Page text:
Monday, December 27, 2010

Taxing The Rich Is Taxing The Middle Class

From Part I of the excellent four part Forbes Commentary "The 'Tax The Rich' Con" by Charles W. Kadlec:
In reality, the call to "tax the rich" is a cover story for levying higher tax rates on the prosperous middle class.
In addition, the "tax the rich" mantra assumes that the same individuals make the same amount of money each and every year. The reality is that, in many cases, producing an annual income of $250,000 is achieved after years of hard work and career advancement. Those who report incomes of more than $250,000 in a single year in many cases are also individuals who have owned and operated a business, built it over a life-time as they earned a modest income, and sell the business in the current year.

Thus, the higher tax rates the Democrats say are aimed at the rich actually are targeted at the baby boomers as they hit their peak earning years. There are no precise data on the demographics of those who make more than $200,000 a year. But based on Census data for 2007, the latest year available, it is clear that incomes tend to peak between the ages of 45 and 64--that is currently for those who were born between 1947 and 1966. Of the 23.6 million households with incomes of $100,000 and more in 2007, 12 million, or 50%, were within this 20-year group of baby boomers.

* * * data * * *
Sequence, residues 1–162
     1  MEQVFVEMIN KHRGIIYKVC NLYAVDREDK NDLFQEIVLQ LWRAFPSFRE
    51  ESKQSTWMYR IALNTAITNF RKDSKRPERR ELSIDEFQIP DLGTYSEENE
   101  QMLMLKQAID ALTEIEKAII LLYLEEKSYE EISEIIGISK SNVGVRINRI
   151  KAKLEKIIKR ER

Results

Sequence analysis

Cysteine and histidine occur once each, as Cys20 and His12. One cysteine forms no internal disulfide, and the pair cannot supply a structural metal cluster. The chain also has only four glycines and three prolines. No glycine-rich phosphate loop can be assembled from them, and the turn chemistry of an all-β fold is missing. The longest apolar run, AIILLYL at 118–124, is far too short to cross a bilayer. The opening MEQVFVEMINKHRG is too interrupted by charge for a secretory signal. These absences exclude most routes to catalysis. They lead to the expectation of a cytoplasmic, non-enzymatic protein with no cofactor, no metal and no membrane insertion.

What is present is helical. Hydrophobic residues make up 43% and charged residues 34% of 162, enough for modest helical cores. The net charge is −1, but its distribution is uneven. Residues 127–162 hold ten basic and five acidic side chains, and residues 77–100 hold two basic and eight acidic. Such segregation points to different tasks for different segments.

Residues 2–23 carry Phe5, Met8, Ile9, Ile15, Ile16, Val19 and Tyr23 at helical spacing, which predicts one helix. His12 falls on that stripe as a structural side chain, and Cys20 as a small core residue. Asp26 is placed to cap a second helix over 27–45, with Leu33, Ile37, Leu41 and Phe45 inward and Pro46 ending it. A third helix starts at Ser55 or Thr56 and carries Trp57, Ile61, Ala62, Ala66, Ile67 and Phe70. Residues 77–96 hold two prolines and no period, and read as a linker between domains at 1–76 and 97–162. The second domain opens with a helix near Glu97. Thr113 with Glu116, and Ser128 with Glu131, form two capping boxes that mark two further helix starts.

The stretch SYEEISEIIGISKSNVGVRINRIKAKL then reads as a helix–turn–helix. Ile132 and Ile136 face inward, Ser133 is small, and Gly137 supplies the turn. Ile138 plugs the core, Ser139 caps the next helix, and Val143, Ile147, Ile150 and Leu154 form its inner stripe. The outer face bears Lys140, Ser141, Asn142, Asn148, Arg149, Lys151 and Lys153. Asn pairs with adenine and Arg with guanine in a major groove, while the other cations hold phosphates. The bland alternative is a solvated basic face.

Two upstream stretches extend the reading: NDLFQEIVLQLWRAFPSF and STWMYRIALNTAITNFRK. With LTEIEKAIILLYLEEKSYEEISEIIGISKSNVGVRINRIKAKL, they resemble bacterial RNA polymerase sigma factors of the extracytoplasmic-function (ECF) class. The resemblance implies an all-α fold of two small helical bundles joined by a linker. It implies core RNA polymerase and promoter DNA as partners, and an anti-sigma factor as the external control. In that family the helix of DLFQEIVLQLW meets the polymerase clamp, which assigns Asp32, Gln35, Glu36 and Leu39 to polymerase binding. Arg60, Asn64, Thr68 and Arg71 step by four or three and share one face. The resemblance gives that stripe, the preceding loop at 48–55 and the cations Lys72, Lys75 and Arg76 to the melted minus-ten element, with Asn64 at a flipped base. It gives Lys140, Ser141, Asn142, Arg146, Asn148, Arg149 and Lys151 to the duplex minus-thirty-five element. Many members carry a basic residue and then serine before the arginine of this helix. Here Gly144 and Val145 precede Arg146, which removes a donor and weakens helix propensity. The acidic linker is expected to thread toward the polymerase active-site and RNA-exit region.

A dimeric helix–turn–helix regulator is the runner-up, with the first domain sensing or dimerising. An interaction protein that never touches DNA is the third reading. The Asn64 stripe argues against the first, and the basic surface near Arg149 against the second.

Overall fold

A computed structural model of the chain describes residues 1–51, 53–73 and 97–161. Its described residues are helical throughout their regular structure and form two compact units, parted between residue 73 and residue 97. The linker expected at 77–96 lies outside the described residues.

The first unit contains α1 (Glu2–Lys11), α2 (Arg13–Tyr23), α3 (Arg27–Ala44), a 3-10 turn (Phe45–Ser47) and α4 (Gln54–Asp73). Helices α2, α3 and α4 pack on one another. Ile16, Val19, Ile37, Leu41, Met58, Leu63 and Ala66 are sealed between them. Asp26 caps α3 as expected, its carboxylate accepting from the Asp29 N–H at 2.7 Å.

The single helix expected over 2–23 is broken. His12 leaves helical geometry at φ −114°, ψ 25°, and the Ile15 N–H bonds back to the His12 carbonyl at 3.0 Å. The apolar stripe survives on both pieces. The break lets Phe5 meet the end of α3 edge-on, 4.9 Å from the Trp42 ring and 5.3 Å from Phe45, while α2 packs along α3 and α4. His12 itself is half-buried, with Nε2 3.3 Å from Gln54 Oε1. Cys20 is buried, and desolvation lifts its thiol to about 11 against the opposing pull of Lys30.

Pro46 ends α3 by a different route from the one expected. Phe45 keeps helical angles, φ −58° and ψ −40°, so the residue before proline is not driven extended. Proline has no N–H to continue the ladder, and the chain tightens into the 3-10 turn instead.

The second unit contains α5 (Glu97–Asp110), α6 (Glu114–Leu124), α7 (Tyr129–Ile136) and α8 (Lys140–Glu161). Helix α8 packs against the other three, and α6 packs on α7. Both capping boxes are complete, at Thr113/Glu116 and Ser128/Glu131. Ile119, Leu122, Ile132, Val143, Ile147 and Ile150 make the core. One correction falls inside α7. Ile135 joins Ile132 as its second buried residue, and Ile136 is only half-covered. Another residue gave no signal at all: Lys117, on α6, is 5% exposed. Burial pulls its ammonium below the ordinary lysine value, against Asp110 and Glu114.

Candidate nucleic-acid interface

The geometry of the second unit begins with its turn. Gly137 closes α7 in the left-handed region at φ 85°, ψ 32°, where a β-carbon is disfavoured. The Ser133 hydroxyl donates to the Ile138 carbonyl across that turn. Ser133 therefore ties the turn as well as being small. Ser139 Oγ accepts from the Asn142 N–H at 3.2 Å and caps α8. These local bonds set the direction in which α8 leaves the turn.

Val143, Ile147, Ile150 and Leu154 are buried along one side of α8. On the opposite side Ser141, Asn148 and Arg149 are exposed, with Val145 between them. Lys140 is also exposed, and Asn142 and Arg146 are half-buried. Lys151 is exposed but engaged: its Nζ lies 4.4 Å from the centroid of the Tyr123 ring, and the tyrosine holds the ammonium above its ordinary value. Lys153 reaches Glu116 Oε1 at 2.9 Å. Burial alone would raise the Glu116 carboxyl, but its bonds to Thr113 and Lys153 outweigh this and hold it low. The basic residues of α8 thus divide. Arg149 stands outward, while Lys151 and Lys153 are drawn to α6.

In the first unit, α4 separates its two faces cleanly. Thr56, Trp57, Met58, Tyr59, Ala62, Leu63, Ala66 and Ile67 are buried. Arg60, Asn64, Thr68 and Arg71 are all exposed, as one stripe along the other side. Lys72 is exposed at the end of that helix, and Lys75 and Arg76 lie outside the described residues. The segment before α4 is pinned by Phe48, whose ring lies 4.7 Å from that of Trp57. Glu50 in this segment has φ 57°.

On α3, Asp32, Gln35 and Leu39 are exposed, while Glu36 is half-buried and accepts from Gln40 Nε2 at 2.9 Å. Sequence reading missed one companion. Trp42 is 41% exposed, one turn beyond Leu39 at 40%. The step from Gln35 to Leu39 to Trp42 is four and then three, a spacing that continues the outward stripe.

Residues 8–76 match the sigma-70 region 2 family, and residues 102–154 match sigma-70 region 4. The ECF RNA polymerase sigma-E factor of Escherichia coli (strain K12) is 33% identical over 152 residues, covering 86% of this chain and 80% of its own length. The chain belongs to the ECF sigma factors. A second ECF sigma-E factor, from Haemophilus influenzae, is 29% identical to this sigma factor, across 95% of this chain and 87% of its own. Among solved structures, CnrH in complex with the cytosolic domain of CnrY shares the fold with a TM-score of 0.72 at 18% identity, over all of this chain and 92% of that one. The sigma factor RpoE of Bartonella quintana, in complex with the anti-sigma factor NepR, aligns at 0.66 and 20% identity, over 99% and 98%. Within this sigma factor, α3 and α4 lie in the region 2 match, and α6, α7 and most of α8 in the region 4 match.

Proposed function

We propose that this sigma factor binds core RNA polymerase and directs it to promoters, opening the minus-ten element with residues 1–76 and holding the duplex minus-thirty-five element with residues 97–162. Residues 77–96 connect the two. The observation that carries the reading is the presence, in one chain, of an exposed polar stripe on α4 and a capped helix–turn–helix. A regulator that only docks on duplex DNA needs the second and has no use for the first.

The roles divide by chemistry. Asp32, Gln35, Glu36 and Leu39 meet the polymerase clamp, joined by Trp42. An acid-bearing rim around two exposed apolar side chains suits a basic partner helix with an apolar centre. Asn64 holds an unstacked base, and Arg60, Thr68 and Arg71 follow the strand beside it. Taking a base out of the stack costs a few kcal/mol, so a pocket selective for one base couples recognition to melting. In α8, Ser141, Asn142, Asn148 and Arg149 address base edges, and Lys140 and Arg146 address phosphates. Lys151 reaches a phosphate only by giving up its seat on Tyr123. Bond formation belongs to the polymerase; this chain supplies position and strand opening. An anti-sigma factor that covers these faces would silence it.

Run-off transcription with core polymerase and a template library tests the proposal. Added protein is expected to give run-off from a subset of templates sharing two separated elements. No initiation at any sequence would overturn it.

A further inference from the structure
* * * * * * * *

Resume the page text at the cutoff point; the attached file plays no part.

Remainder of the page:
But where is the justice in reducing these individuals' financial ability to pay for their children's college educations, save some extra money for retirement or take a nice family vacation?
The complete Part I is available here.

Part II is available here.

Part III is available here.

Part IV is available here.

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